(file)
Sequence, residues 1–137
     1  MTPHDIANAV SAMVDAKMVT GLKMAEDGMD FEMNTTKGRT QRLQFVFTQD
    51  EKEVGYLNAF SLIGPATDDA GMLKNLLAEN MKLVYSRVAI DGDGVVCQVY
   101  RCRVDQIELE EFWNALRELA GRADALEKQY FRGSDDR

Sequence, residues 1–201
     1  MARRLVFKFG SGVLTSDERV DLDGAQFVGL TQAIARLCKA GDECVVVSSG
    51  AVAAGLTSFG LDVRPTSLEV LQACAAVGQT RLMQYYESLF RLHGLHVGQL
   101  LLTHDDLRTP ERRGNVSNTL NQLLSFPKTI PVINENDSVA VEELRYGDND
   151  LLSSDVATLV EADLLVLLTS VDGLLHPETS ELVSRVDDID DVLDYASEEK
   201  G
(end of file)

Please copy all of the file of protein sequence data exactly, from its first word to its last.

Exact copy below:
Sequence, residues 1–137
     1  MTPHDIANAV SAMVDAKMVT GLKMAEDGMD FEMNTTKGRT QRLQFVFTQD
    51  EKEVGYLNAF SLIGPATDDA GMLKNLLAEN MKLVYSRVAI DGDGVVCQVY
   101  RCRVDQIELE EFWNALRELA GRADALEKQY FRGSDDR

Sequence, residues 1–201
     1  MARRLVFKFG SGVLTSDERV DLDGAQFVGL TQAIARLCKA GDECVVVSSG
    51  AVAAGLTSFG LDVRPTSLEV LQACAAVGQT RLMQYYESLF RLHGLHVGQL
   101  LLTHDDLRTP ERRGNVSNTL NQLLSFPKTI PVINENDSVA VEELRYGDND
   151  LLSSDVATLV EADLLVLLTS VDGLLHPETS ELVSRVDDID DVLDYASEEK
   201  G